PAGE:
• Successive Approximation ADC V0 R2 R1 0 V1 V2 V- R3 4 2 - 1 V V- 0 V2 OG1 V4 OG2 6 DAC V+ R4 V+ 3 + 7 5 0 U1 3 7 5 ADC 0 V3 V+ + V+ V- uA741 V+ OG2 6 OG1 - V4 - V7 2 - V- 1 G 4 U2 - - V8 uA741 0 0 0 Fig. 18.10 The Counter ConverterThe AD conversion is indirectly carried out through DA conversion. The 3-bit input as shown inFig.18.10 to the DA converter may change sequentially from 000 to 111 by a 3-bit counter. Theunknown voltage (V8) is applied to one input of the comparator. When the DA output exceedsthe unknown voltage the comparator output which was negative becomes positive. This can beused to latch the counter value which is approximately equivalent digital value of the unknownvoltage.The draw back of sequential counting is the time taken to reach the highest count is large. Forinstance an 8-bit converter has to count 256 for converting the maximum input. It therefore hasto consume 256 clock cycles which is large. Therefore, a different method called successiveapproximation is used for counting as shown in Fig.18.11. Version 2 EE IIT, Kharagpur 13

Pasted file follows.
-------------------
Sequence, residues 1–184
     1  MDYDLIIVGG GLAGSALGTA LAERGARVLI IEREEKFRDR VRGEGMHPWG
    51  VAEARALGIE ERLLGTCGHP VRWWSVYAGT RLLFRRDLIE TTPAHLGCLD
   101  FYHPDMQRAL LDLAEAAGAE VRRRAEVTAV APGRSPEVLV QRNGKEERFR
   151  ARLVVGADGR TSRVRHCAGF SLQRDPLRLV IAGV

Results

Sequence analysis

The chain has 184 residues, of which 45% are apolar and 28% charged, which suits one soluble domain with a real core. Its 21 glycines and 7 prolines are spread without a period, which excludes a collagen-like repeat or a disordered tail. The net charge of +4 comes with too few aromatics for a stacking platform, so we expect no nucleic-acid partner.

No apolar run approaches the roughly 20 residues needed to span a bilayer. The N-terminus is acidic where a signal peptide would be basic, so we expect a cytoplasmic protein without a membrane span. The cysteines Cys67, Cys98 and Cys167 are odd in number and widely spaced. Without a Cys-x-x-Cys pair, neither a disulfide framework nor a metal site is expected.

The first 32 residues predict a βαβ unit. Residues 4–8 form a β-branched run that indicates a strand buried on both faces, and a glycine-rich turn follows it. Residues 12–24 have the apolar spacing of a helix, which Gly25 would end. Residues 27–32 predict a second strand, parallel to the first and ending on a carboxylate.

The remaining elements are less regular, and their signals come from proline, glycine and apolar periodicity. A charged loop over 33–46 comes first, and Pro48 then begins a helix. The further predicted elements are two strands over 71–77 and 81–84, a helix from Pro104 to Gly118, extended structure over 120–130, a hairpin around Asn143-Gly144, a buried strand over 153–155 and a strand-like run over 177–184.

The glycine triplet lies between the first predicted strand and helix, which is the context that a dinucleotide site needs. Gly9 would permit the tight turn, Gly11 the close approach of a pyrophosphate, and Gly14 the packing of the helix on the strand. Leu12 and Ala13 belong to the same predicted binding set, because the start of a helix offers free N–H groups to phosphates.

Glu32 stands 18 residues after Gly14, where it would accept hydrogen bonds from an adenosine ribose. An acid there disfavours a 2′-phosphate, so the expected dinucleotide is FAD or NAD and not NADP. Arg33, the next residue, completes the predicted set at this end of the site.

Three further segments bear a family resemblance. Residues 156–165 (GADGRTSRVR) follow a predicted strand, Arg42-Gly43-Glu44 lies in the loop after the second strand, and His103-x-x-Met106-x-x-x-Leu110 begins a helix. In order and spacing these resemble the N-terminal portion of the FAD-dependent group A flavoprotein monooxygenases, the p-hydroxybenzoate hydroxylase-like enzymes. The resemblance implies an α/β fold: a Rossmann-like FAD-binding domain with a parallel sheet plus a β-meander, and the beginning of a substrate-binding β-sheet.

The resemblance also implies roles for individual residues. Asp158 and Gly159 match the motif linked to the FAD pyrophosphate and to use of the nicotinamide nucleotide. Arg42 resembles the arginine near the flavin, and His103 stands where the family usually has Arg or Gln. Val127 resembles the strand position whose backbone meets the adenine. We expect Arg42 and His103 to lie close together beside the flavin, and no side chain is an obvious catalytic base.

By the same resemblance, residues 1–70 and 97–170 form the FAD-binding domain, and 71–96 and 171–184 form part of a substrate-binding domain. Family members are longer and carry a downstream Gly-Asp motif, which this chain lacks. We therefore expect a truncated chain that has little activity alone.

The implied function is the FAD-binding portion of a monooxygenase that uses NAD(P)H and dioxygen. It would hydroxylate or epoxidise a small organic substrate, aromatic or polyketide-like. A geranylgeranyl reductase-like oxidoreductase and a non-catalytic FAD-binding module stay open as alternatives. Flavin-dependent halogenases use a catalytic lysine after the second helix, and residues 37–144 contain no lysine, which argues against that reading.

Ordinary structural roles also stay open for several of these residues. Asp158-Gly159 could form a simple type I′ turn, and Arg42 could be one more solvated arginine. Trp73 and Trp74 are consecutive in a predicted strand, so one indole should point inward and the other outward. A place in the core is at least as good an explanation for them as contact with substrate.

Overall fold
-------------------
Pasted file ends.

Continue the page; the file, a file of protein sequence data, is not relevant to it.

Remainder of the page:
• 100 110 010 111 101 011 001 000 Fig. 18.11 The successive approximation countingConsider a three-bit conversion for simplicity. The counting ADC must allow for up to eightcomparisons (including zero). The search tree for an SAR search is illustrated in Fig.18.11. Tostart a conversion cycle a three-bit digital register is first cleared, and then loaded with the triplet100. The register state provides the input to a DAC, and that provides a reference output. Thisoutput is compared to the analog signal to be converted, and a decision is made whether theanalog signal is greater than or less than the reference signal. This comparison is essentially thesame as that made for the previous ADC, except that because of the use of the ‘half-way’ codethe result of this single comparison is used to eliminate concurrently half the possible DAC steps.As the tree suggests, if the analog signal is greater then all the smaller DAC outputs areeliminated from consideration. Digital logic associated with the comparison then either clears theMSB (Most Significant Bit) to 0 or simply leaves it unchanged. In either case the next bit is setto 1, i.e., to the mid-code of the selected half, and a new comparison made. Again half theremaining DAC states are eliminated from consideration. Depending on the result of thecomparison the second bit is cleared to 0, or it is left unchanged at 1. In either case the third bit isset to 1 and the comparison step repeated. Each time a comparison is made half the remainingDAC output states will be eliminated. Instead of having to step through 2N states for an N bitconversion only N comparisons are needed. The SAR ADC is perhaps the most common of theconverters, providing a relatively rapid and relatively inexpensive conversion‘Flash’ ConverterMaking all the comparisons between the digital states and the analog signal concurrently makesfor a fast conversion cycle. A resistive voltage divider (see figure) can provide all the digitalreference states required. There are eight reference values (including zero) for the three-bitconverter illustrated. Note that the voltage reference states are offset so that they are midwaybetween reference step values. The analog signal is compared concurrently with each referencestate; therefore a separate comparator is required for each comparison. Digital logic thencombines the several comparator outputs to determine the appropriate binary code to present. Version 2 EE IIT, Kharagpur 14